We recorded individuals of B. albolineatus on 25 October 2012 and on 5–6 February 2016 at the type locality of the species, i.e., Morro Boa Vista (26°30′58″S, 49°03′14″W; 820–835 m above sea level), on the border between the municipalities of Jaraguá do Sul and Massaranduba, state of Santa Catarina, southern Brazil. We collected vouchers according to permits issued by ICMBIO–SISBIO (no. 20416–2). Vouchers belong to the type material of the species, which was deposited in Museu de História Natural Capão da Imbuia (MHNCI), Curitiba, Paraná state and Museu Nacional (MNRJ), Rio de Janeiro, Rio de Janeiro state, Brazil. Analyzed recordings were carried out on 5–6 February 2016 from 9:00 to 12:00 a.m. and from 15:00 to 18:00 p.m. Climatic conditions during recordings were characterized by air temperature = 20.8–21.4 °C, soil temperature = 19.4–20.0 °C, and relative air humidity = 86–100%. We made numbered markings on the vegetation above the recorded individuals in the field to determine whether new recordings were from the same individuals to build up the dataset both in terms of more individuals as well as intra-individual variation, with more than one recording from the same individual. Calls were recorded using the digital recorders Sony PCM-D50 and PCM-M10, both with sampling frequency rate of 44.1 kHz and 16-bit resolution, and Sennheiser ME 66 microphones. Recordings were deposited in MHNCI. Sound samples were analyzed with Raven Pro 1.5 (Bioacoustics Research Program, 2012). Time domain variables were measured from oscillograms and frequency domain variables were measured from spectrograms. Spectrogram features were defined with a 256-point Fast Fourier Transform (FFT), a 3-dB Filter bandwidth of 492 Hz, Hann window, 50% overlap, and a spectrogram color scheme of Standard Gamma II. Final spectrograms, as well as diagnostic plots, were generated using the Seewave package, v. 2.0.5 (Sueur, Aubin & Simonis, 2008) of the R environment, v. 3.2.2 (R Core Team, 2015) using the same window size and overlap settings as in Raven Pro, but resampling the audio files at 22.05 kHz.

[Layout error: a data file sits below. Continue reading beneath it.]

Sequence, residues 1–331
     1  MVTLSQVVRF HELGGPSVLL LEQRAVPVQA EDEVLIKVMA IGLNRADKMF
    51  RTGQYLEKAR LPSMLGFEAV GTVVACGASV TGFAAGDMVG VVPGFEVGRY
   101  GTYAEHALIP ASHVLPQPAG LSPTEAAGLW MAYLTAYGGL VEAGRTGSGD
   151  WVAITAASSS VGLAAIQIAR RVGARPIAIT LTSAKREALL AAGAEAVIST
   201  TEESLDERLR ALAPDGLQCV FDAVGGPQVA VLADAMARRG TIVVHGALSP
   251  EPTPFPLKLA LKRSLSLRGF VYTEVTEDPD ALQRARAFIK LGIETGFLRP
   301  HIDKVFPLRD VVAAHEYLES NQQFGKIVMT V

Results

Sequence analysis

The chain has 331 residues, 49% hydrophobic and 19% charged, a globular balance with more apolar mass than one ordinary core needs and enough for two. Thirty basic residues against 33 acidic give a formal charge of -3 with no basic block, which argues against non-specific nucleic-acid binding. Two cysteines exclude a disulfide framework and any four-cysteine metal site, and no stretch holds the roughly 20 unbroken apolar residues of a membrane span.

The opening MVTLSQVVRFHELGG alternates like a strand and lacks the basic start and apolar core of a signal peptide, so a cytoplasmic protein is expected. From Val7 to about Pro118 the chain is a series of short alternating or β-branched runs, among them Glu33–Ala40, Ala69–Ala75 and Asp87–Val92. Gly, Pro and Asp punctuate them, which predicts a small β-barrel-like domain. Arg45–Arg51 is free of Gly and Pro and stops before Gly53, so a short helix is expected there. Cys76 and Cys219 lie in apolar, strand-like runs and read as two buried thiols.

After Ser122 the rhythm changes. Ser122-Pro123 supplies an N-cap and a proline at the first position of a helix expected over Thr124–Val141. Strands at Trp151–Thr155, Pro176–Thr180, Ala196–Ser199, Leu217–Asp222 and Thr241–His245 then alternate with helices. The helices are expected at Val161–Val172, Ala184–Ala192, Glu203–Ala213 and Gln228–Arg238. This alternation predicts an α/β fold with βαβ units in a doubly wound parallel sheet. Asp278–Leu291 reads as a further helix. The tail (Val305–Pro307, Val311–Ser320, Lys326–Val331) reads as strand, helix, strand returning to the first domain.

We used the note-centered approach sensu Köhler et al. (2017) to define the advertisement call of the species. We determined the end of a given call and the beginning of the next one by the long period of silence between them (Köhler et al., 2017), which might last for several minutes and thus is considerably longer than the call itself. We described the advertisement calls following features and criteria of Köhler et al. (2017). We took the liberty of describing the general features of Köhler et al. (2017) also for parts of the call, in order to clarify the distinctions observed in particular parts of the advertisement calls of B. albolineatus. We used the following features, which can be seen in Fig. 1: (1) call duration (s); (2) duration of the call including only isolated notes (s); (3) duration of the call including only note groups (s); (4) note rate (notes per minute); (5) note rate of the call including only isolated notes (notes per minute); (6) note rate of the call including only note groups (notes per minute); (7) number of notes per call; (8) number of isolated notes per call; (9) number of note groups per call; (10) number of pulses per isolated notes; (11) number of pulses per note in note groups; (12) note duration of isolated notes (s); (13) duration of note group (s); (14) inter-note interval in isolated notes (s), defined as the time from the end of one isolated note to the beginning of the next isolated note; (15) inter-note group interval (s), defined as the time from the end of one note group to the beginning of the next note group; (16) inter-note interval within note groups (s), defined as the time from the end of the first note to the beginning of the next note of the same note group; (17) note dominant frequency (kHz); (18) highest frequency (kHz) and (19) lowest frequency (kHz). The note rate was calculated taking into account the time from the beginning of the first note to the beginning of the last note of the calls (or call intervals) and the number of notes included in this counted time (the last note is not included; Köhler et al., 2017; Cocroft & Ryan, 1995). The dominant frequency across all notes in a call sample was calculated with the function dfreq from the R package seewave. This function brings as an output a plot with all dominant frequencies in a specific file or file segment. Alternatively, the output can be a vector of dominant frequency values. All the default arguments of the function were followed, with the exception of the overlap, for which we chose the value of 90% and the amplitude threshold of signal detection, whose value we determined as of 5%. We measured the highest and lowest frequencies from notes.